Now, just like a ball comes back after hitting the wall, the light also does the same. The only difference is that light comes faster. This phenomenon of bouncing back of lightwave after hitting a polished surface like a mirror is known as reflection. Though, there are some laws to this phenomenon. 

The two basic laws of reflection are:

  • The angle of incidence is equal to the angle of reflection.
  • The incident ray, the normal to the mirror at the point of incidence, and the reflected ray, all lie in the same plane.

Now, when lightwave falls on a plane mirror, the image created by the mirror is laterally inverted along with being virtual and erect. The next section will deal with spherical mirrors and images created by them. We will also understand the mathematical expressions of these surfaces.

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Spherical Mirrors

Talking about spherical mirrors, they are of two types. The one with the reflecting surface curved inwards and the one with curved outwards. The mirror that has its reflecting surface curved inwards is called a concave mirror whereas the one with the reflecting surface curved outwards is called a convex mirror.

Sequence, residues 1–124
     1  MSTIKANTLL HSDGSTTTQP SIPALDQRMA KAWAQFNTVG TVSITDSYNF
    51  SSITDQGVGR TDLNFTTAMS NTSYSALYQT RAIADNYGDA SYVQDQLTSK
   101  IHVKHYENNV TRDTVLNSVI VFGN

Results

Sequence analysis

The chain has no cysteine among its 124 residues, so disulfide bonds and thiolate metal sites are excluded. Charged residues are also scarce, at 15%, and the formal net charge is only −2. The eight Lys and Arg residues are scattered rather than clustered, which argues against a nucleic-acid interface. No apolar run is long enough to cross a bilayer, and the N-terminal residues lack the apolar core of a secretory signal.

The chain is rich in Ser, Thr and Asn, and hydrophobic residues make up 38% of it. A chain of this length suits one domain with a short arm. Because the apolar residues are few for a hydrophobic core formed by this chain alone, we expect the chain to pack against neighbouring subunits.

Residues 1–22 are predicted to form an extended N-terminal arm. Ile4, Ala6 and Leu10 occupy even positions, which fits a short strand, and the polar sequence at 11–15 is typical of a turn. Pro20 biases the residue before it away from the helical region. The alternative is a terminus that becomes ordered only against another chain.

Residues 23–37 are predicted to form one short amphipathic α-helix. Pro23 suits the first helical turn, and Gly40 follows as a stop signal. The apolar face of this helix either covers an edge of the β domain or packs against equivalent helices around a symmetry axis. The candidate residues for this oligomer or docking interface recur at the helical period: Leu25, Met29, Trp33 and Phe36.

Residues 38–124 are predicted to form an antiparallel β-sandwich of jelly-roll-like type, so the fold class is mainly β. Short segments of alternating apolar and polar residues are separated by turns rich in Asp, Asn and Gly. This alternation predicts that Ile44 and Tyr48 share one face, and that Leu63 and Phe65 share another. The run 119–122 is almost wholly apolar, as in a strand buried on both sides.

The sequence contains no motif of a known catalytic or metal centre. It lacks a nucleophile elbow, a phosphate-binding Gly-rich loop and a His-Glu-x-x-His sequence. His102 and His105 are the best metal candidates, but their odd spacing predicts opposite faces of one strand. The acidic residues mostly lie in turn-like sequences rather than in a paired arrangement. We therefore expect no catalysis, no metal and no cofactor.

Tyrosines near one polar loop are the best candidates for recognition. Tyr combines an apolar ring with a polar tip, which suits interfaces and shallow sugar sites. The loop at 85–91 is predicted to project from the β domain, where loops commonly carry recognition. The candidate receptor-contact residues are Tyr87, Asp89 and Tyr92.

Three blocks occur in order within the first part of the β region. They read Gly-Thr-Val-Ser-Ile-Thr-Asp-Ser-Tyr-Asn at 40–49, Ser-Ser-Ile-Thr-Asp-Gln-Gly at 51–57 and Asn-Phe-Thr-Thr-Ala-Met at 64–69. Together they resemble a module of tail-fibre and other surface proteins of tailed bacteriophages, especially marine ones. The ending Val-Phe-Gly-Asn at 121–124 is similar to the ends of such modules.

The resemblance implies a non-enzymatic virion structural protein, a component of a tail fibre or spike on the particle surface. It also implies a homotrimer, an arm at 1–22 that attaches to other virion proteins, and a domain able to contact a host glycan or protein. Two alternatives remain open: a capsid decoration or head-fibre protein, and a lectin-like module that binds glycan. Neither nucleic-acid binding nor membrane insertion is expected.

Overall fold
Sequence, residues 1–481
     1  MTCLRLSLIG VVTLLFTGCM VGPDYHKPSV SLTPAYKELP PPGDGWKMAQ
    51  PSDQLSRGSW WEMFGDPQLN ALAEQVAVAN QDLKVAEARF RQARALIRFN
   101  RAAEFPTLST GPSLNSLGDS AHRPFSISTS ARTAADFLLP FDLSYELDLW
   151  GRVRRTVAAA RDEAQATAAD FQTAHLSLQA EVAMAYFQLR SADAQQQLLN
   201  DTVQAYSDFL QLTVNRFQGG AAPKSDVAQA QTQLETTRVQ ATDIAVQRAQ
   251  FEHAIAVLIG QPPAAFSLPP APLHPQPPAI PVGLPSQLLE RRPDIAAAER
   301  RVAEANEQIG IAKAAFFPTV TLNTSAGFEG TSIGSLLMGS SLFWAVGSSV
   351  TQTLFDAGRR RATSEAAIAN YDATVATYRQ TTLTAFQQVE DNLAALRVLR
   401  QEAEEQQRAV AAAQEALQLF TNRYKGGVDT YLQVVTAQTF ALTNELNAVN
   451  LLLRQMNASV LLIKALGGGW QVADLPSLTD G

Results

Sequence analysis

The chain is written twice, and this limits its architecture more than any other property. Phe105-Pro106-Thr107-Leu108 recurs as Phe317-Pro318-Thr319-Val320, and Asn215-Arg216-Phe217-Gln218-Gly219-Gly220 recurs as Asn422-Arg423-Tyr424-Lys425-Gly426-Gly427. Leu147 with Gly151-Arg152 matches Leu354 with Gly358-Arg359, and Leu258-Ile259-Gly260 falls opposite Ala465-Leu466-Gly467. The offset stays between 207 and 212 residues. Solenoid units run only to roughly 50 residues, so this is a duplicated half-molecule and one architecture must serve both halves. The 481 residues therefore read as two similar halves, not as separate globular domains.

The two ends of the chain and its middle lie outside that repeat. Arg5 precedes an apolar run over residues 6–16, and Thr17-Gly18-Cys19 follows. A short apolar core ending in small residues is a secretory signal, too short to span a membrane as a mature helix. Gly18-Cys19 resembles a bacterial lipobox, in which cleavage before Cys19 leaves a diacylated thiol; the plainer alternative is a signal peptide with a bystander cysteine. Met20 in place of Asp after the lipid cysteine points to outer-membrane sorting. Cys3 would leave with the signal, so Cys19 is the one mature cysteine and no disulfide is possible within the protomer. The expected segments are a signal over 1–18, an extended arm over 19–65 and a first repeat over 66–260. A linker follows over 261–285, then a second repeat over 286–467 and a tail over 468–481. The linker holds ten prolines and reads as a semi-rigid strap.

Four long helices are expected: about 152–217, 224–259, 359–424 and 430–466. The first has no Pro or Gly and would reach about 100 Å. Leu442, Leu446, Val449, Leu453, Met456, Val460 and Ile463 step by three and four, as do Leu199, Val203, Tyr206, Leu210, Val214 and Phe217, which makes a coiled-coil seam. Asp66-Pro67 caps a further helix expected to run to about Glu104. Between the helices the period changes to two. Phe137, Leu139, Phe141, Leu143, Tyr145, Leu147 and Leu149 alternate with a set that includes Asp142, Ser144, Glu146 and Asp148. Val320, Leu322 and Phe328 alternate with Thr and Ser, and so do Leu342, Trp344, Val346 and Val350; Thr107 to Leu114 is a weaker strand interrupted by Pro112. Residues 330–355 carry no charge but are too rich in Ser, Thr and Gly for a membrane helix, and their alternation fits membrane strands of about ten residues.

If we move further with the study of image formation by these mirrors. The image formed by a convex mirror is always virtual and erect, though there can be variation in the size of the image based on the position of the object.

On the other hand, the concave mirror forms a real and inverted image. As long as the object is at infinity, focus or in between them. If in case, it is between focus and pole the image will be virtual and erect.

You can also find a proper ray diagram of all the cases of convex and concave mirrors. Also, we can derive mirror formulas. The one for spherical mirrors is: 

1/v + 1/u = 1/f where 

u is the object distance, 

v is the image distance, and 

f is the focal length of the mirror.

Phenomena of refraction of lightwave

Class 10 physics
A refracted image through a glass, Source: Freepik, Credits: BRGFX